Actual Sunlight Interview Vita 1

Will O'Neill is the creator of the recently released PlayStation Vita game Actual Sunlight – a unique title that's a candid and no holds barred game about one man's struggle with depression. We thought that it'd be a good idea to have a quick chat with Will and find out a little bit more about him, the aforementioned release, and who may be his favourite member of Steps – although we can't promise that we got an answer for that last one.

Push Square: What made you want to make this game?

Will O'Neill: There is no denying it as a piece of art that stems from personal frustration. I felt lied about when I saw how popular art and media describes somebody like me – overweight, depressed, and more. I tried to fix it. I knew I was happy with how it turned out, but I never really expected the response to be as big as it was. Maybe a lot of other people feel lied about, too.

How did making Actual Sunlight affect you?

The environments in Actual Sunlight are all based on real locations. Often I'd be working in the places where the game itself was taking place. Making the game – or at least the office parts – often felt like trying to see myself from the outside during that time in my life. The more personal stuff was more difficult. I wrote the game over 6 to 12 months, but it was based on 15 or so years of my life.

Actual Sunlight Interview Vita 2

How effective did you find the medium of video games for telling this sort of story?

Rather than a video game enhanced by strong writing, I look at Actual Sunlight as a strong piece of writing that is enhanced by being a video game. It could have worked fine as a book, but I find the interactive nature of games makes the story a lot more personal – even the simple act of moving a character around the world yourself. Video game addiction is also a part of Actual Sunlight, and I think that it connects with audiences in an interesting way when presented in a video game setting.

It was also impactful to invert the typical gameplay experience of a character who grows more powerful. Removing agency at critical points in the story meant I could have the player experience how a powerless, narrow state of mind can affect how people make decisions.

How have you found the reaction to be to Actual Sunlight?

A character study about depression isn't the easiest sell, but I had a lot of confidence that people could connect with it. Slowly but surely, they did. The reaction to the console version has been very parallel to the way people felt about the PC one. I guess console fans and PC gamers aren't as different as they think!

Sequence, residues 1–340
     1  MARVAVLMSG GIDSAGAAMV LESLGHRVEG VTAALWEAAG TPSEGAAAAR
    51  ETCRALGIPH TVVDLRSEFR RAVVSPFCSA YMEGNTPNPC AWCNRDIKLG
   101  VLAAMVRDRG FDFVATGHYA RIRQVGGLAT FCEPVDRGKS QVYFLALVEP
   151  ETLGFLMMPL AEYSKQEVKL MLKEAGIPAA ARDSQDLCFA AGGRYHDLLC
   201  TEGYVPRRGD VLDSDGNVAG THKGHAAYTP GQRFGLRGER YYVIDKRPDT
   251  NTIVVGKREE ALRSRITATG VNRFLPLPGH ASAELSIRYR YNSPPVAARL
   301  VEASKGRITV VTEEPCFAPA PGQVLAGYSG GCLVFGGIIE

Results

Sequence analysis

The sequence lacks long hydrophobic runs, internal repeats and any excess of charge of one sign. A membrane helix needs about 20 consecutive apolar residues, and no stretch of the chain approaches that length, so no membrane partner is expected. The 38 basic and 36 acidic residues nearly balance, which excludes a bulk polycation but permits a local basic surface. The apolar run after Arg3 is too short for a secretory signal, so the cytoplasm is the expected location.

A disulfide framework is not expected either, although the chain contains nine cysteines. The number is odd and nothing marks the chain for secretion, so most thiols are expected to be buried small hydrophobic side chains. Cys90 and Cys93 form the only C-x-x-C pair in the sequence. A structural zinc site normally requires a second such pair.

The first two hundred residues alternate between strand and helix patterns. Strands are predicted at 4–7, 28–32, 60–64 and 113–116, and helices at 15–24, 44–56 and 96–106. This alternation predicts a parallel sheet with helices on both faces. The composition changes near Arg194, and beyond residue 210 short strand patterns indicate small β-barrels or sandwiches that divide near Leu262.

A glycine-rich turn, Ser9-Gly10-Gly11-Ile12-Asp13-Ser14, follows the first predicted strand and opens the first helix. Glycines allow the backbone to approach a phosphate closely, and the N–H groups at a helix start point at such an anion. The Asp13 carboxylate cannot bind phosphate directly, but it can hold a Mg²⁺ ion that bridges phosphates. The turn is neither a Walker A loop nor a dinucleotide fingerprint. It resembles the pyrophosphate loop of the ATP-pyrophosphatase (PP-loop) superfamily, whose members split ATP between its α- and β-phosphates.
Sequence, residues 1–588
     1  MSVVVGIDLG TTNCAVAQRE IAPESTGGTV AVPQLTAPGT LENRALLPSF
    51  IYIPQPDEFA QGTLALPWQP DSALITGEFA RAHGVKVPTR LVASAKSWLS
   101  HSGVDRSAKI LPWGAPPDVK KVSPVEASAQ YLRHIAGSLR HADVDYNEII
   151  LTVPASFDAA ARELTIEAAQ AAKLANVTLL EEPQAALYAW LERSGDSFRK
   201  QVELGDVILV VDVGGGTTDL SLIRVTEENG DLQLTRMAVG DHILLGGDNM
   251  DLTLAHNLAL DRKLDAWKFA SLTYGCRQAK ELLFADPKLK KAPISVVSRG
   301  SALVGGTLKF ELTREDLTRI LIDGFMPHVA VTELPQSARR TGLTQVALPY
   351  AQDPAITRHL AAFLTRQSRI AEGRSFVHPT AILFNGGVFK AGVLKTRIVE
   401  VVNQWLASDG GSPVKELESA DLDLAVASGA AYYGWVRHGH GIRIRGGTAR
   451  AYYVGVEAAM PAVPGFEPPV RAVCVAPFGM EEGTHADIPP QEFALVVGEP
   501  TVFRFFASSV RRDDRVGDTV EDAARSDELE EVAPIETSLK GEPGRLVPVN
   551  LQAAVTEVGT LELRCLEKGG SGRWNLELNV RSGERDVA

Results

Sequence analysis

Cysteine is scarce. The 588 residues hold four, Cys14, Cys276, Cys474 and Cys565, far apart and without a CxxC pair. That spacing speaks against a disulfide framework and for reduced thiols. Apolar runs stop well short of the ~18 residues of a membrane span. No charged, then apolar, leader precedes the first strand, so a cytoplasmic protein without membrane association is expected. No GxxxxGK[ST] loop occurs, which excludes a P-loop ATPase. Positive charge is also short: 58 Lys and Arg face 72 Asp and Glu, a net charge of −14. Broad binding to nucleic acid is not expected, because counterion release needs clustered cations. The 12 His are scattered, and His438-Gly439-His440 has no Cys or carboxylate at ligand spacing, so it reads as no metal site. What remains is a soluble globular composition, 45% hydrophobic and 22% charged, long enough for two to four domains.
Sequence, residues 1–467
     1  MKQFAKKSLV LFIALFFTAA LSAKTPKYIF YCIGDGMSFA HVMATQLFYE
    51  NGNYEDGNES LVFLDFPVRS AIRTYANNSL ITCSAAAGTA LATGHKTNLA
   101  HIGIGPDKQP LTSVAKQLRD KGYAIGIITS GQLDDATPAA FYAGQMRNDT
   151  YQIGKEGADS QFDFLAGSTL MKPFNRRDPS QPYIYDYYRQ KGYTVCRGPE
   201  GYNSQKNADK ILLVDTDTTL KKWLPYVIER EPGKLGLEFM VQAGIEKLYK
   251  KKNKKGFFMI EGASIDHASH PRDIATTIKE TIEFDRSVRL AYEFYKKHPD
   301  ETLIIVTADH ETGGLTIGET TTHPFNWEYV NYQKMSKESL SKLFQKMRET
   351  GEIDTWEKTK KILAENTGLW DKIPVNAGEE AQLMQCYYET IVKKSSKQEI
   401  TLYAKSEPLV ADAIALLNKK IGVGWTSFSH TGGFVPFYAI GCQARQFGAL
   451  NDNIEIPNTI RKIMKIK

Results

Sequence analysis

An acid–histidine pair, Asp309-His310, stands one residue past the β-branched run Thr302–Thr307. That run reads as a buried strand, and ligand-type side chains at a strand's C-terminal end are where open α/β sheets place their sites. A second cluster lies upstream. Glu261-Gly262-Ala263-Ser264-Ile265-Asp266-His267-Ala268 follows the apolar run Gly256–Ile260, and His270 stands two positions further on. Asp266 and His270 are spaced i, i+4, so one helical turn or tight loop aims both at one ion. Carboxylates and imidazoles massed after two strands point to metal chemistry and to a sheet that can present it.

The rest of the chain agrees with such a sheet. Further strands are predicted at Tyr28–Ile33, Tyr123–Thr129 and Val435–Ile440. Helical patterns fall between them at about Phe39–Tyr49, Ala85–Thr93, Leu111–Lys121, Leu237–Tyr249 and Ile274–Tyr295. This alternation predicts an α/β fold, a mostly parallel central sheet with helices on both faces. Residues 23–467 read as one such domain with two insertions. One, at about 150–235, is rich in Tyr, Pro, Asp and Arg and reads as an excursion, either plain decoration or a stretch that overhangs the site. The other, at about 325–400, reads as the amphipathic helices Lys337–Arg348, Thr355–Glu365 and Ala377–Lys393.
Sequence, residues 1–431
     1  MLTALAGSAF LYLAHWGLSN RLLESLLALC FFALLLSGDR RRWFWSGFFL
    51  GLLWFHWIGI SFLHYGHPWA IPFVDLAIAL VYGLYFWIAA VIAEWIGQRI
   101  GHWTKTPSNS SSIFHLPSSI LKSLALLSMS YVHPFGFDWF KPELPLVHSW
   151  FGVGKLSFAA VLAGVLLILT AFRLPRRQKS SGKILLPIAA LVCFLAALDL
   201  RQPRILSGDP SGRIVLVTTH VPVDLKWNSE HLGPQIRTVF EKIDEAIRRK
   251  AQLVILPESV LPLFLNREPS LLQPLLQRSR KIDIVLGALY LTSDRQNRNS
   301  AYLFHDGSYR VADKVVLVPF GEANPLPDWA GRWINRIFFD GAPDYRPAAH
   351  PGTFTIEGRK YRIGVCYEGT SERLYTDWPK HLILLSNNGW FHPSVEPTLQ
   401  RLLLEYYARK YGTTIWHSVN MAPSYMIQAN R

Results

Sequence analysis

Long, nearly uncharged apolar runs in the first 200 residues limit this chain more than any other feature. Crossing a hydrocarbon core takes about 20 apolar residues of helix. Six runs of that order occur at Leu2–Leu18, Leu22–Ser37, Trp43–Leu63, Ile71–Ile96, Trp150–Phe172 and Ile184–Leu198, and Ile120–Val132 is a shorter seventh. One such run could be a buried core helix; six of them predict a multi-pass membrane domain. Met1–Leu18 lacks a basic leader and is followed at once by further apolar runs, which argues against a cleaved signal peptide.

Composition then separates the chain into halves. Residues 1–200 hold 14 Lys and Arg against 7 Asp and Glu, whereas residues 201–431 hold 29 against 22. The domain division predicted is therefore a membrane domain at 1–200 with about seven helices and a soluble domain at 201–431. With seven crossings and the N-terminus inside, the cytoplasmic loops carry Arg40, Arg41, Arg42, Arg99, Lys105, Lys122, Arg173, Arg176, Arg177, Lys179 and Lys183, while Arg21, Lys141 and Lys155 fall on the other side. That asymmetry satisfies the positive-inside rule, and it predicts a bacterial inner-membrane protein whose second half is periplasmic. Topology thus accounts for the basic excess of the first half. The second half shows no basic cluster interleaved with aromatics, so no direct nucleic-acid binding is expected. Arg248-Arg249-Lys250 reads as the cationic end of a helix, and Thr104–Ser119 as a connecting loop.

To a certain extent, it's probably a strange thing to have so much of my personal life out there, but I wouldn't change a thing.

Actual Sunlight Interview Vita 3

You personally have a strong narrative focus, what do you think of the current state of storytelling in games?

I wish there were more human stories relative to the supernatural. I'd like to personally see tighter stories as well – not every game needs a huge, sprawling narrative. Shorter, more focused experiences are something I'm looking forward to in the future as well as the grander, more visual and atmospheric storytelling experiences.

What made you want to put Actual Sunlight out on the Vita?

It was a whole new audience to explore! There's nothing quite like Actual Sunlight on the Vita or any other major console, so thought that it would be great to bring it to the platform, try to break new ground. I also like the Vita a lot personally.

What are some of your favourite games and what are you looking forward to?

This year I think it has to be Bloodborne. Overall, though, I think it'd have to be Star Control 2. The writing in that was pretty much the peak of writing in games for me. It's a huge inspiration for me as a game writer. Silent Hill 2 is also an important game for me, but Silent Hill 2 is a boring answer, right?

I'm really excited for Persona 5, Just Cause 3, and Mike Bithell's Volume. All of those games look great.

Actual Sunlight or Tearaway?

Both! Forgo some other non-essential thing in your life – drugs, probably – and support innovative developers who want to hit you with interesting experiences. It's worth it!

Have you played Actual Sunlight yet? Have you been able to relate to the game's narrative at all? Let us know what you think of it in the comments section below.